IAVA Urges Passage of Burn Pits Accountability Act in 2020 NDAA
Washington, D.C. – Today, IAVA proudly anticipates the passage and signing into law of the Burn Pits Accountability Act, landmark IAVA-led legislation addressing one of the most urgent health issues affecting the post-9/11 generation of veterans.
The final version of the National Defense Authorization Act for Fiscal Year 2020 was released last night, which must pass before December 31, 2019, and it includes the Burn Pits Accountability Act (BPAA). The BPAA will require Department of Defense to evaluate whether each member of the Armed Forces had been based or stationed where an open-air burn pit was used to dispose of waste or exposed to toxic airborne chemicals.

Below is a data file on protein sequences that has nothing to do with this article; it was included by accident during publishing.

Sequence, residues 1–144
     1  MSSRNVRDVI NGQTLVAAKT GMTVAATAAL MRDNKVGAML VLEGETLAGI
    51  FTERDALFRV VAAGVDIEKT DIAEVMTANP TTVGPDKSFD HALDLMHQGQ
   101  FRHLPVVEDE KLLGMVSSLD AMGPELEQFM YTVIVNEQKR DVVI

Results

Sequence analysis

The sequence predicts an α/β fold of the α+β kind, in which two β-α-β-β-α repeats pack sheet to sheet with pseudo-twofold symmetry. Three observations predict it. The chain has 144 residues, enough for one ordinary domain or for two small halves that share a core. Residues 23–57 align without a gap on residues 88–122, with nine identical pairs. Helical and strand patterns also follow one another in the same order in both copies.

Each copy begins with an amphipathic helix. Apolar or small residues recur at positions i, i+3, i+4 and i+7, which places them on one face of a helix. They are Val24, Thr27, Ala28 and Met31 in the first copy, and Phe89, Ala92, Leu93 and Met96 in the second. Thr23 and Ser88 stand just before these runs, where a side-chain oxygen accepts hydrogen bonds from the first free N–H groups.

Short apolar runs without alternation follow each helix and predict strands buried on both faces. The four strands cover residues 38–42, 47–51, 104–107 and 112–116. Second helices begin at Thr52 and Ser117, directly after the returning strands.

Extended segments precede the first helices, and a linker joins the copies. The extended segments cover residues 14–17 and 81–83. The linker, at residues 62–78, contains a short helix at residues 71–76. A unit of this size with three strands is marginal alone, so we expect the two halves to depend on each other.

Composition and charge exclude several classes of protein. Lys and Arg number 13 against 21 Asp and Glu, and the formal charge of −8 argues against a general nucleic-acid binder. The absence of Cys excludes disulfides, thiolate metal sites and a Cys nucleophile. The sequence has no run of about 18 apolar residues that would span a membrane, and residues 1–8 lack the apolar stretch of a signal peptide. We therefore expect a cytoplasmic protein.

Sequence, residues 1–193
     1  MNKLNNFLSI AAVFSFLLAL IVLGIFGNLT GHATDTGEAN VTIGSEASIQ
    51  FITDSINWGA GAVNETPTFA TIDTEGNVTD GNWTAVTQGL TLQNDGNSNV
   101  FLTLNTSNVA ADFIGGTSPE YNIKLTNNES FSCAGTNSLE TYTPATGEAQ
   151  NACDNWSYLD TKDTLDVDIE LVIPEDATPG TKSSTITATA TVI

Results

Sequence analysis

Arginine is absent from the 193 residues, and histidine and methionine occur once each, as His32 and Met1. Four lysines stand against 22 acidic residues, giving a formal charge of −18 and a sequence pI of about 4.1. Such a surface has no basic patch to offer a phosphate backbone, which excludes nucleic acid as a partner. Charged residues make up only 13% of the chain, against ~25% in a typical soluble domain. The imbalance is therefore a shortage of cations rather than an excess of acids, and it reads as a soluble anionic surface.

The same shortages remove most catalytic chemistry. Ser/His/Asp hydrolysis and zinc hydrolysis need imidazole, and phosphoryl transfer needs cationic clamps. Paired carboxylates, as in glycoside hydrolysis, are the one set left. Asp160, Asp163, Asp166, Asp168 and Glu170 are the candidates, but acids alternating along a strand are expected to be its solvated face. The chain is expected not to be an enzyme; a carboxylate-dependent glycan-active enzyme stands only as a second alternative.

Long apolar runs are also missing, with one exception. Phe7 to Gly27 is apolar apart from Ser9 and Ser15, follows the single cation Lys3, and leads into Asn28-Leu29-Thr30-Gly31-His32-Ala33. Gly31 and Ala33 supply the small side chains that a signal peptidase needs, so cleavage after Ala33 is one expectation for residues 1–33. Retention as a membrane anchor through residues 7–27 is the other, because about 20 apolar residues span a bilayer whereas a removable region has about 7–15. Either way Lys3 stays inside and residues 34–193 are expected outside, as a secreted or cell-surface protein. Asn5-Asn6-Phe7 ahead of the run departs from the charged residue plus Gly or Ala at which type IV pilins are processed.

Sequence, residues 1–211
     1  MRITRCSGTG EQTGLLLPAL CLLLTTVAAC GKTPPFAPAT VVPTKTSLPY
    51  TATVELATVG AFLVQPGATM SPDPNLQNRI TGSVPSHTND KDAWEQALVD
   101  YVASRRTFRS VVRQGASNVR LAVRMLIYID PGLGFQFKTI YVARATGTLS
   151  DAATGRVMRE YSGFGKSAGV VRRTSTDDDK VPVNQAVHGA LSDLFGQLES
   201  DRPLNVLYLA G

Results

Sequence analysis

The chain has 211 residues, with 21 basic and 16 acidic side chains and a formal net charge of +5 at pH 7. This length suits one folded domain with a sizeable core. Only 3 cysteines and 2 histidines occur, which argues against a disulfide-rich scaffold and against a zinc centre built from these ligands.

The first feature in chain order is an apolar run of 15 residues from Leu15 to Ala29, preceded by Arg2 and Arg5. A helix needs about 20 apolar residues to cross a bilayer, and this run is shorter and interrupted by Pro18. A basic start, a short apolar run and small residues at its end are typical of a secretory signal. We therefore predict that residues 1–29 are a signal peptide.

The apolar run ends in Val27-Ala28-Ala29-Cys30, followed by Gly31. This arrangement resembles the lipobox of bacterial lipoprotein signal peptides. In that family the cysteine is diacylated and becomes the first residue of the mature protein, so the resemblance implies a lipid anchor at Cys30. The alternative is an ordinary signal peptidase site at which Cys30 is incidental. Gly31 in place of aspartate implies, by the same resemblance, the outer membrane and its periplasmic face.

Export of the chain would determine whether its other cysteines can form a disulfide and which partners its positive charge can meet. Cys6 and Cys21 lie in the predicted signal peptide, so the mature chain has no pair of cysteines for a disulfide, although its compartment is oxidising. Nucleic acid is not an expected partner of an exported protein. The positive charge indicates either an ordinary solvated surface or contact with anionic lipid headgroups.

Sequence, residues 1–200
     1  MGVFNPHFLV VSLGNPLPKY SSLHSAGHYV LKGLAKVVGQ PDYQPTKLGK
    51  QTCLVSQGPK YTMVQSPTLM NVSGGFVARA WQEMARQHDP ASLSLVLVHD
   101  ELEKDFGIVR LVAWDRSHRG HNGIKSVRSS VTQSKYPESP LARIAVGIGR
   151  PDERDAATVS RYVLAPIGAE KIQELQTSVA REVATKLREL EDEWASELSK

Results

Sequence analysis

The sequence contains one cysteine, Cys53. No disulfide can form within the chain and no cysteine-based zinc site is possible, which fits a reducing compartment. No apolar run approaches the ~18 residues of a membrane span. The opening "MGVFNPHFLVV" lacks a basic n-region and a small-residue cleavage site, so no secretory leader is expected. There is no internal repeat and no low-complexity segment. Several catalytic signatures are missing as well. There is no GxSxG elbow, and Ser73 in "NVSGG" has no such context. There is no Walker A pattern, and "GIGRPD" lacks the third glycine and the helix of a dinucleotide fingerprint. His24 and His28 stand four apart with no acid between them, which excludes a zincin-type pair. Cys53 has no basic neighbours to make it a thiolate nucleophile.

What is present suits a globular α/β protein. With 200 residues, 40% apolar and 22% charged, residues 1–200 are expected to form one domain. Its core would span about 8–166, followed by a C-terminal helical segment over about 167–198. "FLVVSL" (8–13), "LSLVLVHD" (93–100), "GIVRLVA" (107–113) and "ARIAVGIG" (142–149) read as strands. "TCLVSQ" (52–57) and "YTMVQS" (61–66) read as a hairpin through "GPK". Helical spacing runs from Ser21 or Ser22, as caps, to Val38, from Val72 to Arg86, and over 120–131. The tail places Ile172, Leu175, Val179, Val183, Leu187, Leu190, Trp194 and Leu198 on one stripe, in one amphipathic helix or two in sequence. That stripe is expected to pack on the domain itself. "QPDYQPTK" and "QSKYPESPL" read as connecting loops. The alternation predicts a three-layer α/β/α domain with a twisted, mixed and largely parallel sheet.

“Today we get one step closer to seeing the Burn Pits Accountability Act become law. I want to thank Senator Amy Klobuchar, Senator Dan Sullivan, Representative Tulsi Gabbard and Representative Brian Mast, for their lead sponsorship and tireless devotion to this issue,” said Jeremy Butler, CEO of Iraq and Afghanistan Veterans of America. “We now call upon Congress to swiftly pass the NDAA and for the President to sign it into law so we can begin the hard work of seeing who has been affected and ensuring they receive the treatment they need.”
Nearly all military service members who deployed to combat zones since 9/11 were exposed to open-air burn pits: pits of all categories of waste that were burned near where our troops lived and worked. Veterans who breathed those fumes are now coming down with rare cancers, autoimmune diseases and respiratory problems. Shockingly, the VA is rejecting 80% of claims by veterans related to their burn pit exposure. The BPAA is an essential first step in IAVA’s fight to ensure that veterans exposed to burn pits are taken care of.